Every day there is someone coming up with another way they think will be successful in hiding assets from a former spouse, litigants or even their partners.
There is a practice becoming more and more common. We call it a “practice” because no matter how often someone does it, it won’t be perfect and eventually, they always get caught.
The practice is providing a wrong social security number by switching two of the digits when opening an account. The bad guy figures if he gives an inaccurate social security number, no one will find out – even if someone does an asset investigation searching for hidden bank accounts or stock accounts.
But someone WILL find out—it could be an investigator, the attorney or the authorities—and then everyone finds out.
One way this deceit is uncovered is that every institution has to report interest earned on a 1099. At the end of the year, that document is sent to the account-holder and the IRS. The IRS spends a lot of time and money matching up those 1099 forms and tax returns. When they don’t match up—and although it might take years, eventually, the account holders are tracked down and have to speak to the discrepancies.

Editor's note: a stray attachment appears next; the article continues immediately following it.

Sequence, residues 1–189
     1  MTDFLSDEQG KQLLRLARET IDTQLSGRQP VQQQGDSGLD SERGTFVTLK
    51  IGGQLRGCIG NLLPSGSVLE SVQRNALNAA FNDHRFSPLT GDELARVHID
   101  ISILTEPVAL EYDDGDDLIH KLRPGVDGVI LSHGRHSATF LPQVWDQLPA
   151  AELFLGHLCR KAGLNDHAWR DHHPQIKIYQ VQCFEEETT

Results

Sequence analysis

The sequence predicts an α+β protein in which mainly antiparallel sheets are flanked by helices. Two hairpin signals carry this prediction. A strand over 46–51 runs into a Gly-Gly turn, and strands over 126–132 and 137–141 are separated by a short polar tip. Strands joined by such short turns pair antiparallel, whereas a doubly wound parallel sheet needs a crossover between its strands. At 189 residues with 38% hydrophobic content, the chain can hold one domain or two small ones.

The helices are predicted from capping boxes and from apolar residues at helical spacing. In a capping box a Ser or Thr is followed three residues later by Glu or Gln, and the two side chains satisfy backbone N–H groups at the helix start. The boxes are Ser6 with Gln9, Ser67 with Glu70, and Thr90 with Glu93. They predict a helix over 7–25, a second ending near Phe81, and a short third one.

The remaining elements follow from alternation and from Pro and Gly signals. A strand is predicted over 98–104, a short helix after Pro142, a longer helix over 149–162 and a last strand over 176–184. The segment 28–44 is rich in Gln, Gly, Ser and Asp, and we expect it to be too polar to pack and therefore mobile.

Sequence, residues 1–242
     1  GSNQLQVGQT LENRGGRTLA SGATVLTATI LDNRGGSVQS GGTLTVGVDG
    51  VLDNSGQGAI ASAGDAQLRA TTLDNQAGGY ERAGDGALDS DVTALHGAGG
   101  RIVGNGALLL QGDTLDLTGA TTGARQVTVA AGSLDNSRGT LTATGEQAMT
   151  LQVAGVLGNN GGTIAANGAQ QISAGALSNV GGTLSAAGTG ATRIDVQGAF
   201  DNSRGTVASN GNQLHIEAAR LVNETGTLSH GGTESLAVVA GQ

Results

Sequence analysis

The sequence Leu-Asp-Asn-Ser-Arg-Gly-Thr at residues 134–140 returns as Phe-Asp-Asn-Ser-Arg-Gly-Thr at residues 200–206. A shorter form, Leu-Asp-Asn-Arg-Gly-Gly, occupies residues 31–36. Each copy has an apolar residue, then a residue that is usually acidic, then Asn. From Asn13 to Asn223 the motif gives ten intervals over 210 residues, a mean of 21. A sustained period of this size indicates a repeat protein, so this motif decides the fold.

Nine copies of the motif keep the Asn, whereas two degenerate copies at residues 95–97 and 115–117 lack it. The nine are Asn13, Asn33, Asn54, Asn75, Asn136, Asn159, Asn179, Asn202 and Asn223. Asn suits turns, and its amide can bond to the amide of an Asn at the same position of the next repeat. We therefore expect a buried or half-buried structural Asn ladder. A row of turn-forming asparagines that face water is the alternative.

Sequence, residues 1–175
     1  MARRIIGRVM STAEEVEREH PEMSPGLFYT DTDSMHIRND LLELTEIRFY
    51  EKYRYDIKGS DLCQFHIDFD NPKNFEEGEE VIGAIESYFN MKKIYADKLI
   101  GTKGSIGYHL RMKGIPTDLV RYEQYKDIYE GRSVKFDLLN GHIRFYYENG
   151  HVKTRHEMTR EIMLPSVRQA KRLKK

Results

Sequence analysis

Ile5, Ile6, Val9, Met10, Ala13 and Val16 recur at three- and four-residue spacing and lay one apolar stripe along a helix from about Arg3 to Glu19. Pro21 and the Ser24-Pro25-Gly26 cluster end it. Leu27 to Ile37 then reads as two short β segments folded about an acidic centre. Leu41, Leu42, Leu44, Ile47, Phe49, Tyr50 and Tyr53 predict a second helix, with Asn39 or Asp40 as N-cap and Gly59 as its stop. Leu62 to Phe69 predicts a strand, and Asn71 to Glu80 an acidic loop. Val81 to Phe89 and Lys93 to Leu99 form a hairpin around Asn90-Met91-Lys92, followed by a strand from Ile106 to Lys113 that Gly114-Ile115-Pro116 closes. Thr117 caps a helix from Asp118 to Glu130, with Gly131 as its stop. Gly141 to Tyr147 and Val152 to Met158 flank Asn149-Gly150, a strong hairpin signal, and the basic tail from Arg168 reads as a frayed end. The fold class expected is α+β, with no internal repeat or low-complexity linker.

The question might be asked whether it is a fat-fingered mistake or fraud. If it happens once, it might be considered a typo or an input error. Happening repeatedly to a single individual – doesn’t look like a mistake, does it?
It doesn’t take years to get results from a private investigator. Uncovering assets that have been purposefully hidden and tracking them down can be like looking for the beef on that burger – it might be difficult. In fact, it might be impossible for the average consumer. Asset investigation takes a skilled team – with experience to know how to root out all the “practices” that are out there.
When you need to know what’s really going on, call .
-Brenda McGinley, CEO, All in Investigations, All in Investigations